Warning: Chances Are, Your Kid Eats Too Much Sodium

| 2 min read

kid pouring salt on french fries
Most people are fully aware that high-sodium diets can lead to increased blood pressure in adults. But did you know that children also suffer similar health issues when they eat too much salt? And unfortunately, most do. According to a recent study, nine out of 10 American kids consume more sodium than they should – about 1/3 more than the recommended amount. And the really bad news is that high blood pressure and heart disease currently affect one in six U.S. children as a result of their dietary habits, setting the stage for more serious health problems later in life.
You might think confiscating the salt shaker will do the trick, but that’s not enough. The biggest problem is the sodium that’s already in packaged and prepared foods. Research shows 43 percent of the sodium consumed by children comes from the 10 foods they eat the most. These are:
  • Pizza
  • Bread and rolls
  • Cold cuts and cured meats
  • Savory snacks
  • Sandwiches
  • Cheese
  • Chicken patties and nuggets
  • Pasta dishes
  • Mexican dishes
  • Soups
Every single one of these items can contain a surprisingly large amount of sodium. And because children eat a lot of these foods, the salt intake quickly adds up.
Now that you know, help your kids establish healthier dietary habits by teaching them to read nutrition labels and request nutrition information at restaurants. And adults should remember to practice these healthy habits, too! Cooking nutritious meals for (or with) your child is a great way to monitor their sodium intake. If you need culinary inspiration, visit the recipes section on our site.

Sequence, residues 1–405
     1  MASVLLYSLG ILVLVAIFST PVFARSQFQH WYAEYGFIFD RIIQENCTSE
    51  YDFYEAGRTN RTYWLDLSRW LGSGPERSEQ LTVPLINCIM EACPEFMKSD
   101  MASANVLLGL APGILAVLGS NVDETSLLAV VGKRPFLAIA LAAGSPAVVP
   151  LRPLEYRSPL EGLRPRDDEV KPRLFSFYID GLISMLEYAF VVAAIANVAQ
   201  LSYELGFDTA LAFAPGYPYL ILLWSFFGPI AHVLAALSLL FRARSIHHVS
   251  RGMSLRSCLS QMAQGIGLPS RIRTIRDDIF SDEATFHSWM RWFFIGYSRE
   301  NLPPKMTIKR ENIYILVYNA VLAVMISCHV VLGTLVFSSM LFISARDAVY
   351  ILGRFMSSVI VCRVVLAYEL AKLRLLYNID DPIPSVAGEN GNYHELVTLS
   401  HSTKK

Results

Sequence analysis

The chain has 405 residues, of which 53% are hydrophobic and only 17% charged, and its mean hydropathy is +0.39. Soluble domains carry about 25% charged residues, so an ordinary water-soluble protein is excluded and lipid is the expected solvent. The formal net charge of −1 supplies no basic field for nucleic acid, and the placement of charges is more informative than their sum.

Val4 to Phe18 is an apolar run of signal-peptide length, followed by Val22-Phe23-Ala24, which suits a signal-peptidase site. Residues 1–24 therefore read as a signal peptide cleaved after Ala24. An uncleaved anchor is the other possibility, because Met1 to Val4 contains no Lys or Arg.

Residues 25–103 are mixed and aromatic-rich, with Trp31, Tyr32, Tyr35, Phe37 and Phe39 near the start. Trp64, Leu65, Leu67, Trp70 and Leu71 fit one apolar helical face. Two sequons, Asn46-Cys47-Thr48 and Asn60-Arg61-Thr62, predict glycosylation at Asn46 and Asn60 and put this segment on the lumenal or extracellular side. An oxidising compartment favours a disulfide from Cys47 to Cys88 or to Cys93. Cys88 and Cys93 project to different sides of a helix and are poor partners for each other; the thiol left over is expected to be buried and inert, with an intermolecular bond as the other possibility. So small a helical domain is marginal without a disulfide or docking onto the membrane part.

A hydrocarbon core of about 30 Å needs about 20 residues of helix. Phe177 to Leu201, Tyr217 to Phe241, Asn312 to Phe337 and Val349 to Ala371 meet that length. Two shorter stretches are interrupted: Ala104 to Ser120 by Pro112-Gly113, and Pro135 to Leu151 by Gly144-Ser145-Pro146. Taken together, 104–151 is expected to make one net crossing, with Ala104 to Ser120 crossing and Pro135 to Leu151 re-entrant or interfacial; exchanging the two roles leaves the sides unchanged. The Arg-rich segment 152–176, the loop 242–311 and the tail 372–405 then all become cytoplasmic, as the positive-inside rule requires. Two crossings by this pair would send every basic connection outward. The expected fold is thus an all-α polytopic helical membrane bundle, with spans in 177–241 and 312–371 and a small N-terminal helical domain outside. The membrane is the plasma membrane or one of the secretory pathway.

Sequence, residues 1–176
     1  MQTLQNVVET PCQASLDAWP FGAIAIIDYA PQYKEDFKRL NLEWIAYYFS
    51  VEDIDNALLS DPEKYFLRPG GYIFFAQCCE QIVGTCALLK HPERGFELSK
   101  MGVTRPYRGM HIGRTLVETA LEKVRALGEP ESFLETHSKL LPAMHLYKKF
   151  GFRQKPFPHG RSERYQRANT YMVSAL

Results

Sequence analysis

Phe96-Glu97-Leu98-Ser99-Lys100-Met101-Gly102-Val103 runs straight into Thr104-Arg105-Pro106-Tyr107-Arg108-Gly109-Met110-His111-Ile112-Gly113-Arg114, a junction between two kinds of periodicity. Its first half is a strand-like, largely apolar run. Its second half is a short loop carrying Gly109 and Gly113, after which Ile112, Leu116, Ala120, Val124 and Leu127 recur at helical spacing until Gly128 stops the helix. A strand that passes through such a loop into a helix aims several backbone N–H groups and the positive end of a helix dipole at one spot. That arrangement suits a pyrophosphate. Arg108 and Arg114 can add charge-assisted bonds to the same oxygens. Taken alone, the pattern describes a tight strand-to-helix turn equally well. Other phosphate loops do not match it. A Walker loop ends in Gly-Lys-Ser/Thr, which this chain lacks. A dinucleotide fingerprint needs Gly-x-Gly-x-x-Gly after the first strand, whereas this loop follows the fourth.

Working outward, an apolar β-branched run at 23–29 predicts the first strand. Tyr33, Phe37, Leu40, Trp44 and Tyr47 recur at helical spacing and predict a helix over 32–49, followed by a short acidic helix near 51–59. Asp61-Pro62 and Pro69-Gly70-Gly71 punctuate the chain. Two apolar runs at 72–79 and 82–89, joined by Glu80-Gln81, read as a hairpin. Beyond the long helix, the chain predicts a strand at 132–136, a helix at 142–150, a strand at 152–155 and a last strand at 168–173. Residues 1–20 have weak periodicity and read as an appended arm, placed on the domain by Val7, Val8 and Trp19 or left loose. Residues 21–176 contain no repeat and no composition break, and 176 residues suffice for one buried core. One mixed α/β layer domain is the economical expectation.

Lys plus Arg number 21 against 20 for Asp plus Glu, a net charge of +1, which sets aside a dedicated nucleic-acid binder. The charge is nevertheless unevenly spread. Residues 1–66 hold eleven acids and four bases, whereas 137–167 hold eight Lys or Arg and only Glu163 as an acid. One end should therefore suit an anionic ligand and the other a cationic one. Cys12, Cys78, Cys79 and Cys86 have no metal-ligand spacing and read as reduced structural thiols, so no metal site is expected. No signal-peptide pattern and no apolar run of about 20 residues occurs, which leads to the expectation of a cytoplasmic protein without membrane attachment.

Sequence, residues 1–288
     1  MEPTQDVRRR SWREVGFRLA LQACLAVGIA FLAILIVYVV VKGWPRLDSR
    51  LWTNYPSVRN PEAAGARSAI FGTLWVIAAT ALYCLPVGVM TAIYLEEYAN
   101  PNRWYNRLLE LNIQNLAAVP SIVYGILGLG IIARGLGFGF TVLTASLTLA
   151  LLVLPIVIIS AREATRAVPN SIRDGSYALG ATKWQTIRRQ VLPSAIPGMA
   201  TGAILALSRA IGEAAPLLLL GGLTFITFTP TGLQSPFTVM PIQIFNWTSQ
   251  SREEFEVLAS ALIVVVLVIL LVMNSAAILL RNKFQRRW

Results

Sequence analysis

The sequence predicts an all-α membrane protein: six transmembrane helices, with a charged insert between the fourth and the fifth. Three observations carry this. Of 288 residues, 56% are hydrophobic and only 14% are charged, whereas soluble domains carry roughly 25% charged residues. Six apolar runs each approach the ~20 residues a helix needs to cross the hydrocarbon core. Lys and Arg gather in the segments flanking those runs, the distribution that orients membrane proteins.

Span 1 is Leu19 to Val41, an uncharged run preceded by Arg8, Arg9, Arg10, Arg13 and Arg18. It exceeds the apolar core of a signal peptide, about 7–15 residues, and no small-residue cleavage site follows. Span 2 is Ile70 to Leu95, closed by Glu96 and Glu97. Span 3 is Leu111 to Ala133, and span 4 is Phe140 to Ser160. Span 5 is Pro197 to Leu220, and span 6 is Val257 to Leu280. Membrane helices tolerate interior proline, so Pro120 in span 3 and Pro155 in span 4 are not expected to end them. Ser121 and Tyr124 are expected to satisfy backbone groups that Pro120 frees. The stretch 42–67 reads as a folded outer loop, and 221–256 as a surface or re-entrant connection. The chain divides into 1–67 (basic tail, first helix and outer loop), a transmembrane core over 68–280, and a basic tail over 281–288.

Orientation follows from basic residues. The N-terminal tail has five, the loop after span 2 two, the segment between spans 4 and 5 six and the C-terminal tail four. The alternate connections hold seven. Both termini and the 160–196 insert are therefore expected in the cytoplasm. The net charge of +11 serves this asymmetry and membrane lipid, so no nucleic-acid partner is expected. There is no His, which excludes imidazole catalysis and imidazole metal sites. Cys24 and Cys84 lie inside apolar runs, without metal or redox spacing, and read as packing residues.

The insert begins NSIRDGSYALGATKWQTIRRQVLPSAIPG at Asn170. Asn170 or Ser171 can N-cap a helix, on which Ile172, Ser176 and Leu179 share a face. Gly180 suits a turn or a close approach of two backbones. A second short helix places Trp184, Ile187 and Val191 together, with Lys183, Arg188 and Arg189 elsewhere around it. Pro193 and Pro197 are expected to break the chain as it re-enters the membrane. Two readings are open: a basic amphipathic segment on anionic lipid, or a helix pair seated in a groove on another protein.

This blog post is part of #MIKidsCan, an initiative created by Blue Cross Blue Shield Michigan to promote positive change in the health and well-being of Michigan youth. To learn more about the campaign, visit http://www.ahealthiermichigan.org/mikidscan
Photo credit: ClarkandCompany

A Healthier Michigan is sponsored by Blue Cross Blue Shield of Michigan, a nonprofit, independent licensee of the Blue Cross Blue Shield Association.
No Personal Healthcare Advice or Other Advice
This Web site provides general educational information on health-related issues and provides access to health-related resources for the convenience of our users. This site and its health-related information and resources are not a substitute for professional medical advice or for the care that patients receive from their physicians or other health care providers.
This site and its health-related information resources are not meant to be the practice of medicine, the practice of nursing, or to carry out any professional health care advice or service in the state where you live. Nothing in this Web site is to be used for medical or nursing diagnosis or professional treatment.
Always seek the advice of your physician or other licensed health care provider. Always consult your health care provider before beginning any new treatment, or if you have any questions regarding a health condition. You should not disregard medical advice, or delay seeking medical advice, because of something you read in this site.